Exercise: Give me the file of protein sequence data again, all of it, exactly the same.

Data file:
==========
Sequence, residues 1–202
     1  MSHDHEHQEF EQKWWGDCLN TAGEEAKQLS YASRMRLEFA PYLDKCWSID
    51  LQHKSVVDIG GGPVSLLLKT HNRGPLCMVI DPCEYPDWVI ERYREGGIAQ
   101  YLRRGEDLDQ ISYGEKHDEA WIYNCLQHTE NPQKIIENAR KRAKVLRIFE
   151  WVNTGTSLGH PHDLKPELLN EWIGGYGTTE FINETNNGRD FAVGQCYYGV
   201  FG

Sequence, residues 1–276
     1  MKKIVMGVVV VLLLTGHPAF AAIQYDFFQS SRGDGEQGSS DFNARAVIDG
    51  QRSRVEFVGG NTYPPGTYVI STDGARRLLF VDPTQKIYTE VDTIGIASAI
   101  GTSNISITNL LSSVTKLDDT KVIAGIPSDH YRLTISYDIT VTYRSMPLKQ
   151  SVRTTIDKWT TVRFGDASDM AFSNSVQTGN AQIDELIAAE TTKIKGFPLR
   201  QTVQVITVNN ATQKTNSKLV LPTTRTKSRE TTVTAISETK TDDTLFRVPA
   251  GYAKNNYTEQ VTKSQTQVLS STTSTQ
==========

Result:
Sequence, residues 1–202
     1  MSHDHEHQEF EQKWWGDCLN TAGEEAKQLS YASRMRLEFA PYLDKCWSID
    51  LQHKSVVDIG GGPVSLLLKT HNRGPLCMVI DPCEYPDWVI ERYREGGIAQ
   101  YLRRGEDLDQ ISYGEKHDEA WIYNCLQHTE NPQKIIENAR KRAKVLRIFE
   151  WVNTGTSLGH PHDLKPELLN EWIGGYGTTE FINETNNGRD FAVGQCYYGV
   201  FG

Sequence, residues 1–276
     1  MKKIVMGVVV VLLLTGHPAF AAIQYDFFQS SRGDGEQGSS DFNARAVIDG
    51  QRSRVEFVGG NTYPPGTYVI STDGARRLLF VDPTQKIYTE VDTIGIASAI
   101  GTSNISITNL LSSVTKLDDT KVIAGIPSDH YRLTISYDIT VTYRSMPLKQ
   151  SVRTTIDKWT TVRFGDASDM AFSNSVQTGN AQIDELIAAE TTKIKGFPLR
   201  QTVQVITVNN ATQKTNSKLV LPTTRTKSRE TTVTAISETK TDDTLFRVPA
   251  GYAKNNYTEQ VTKSQTQVLS STTSTQ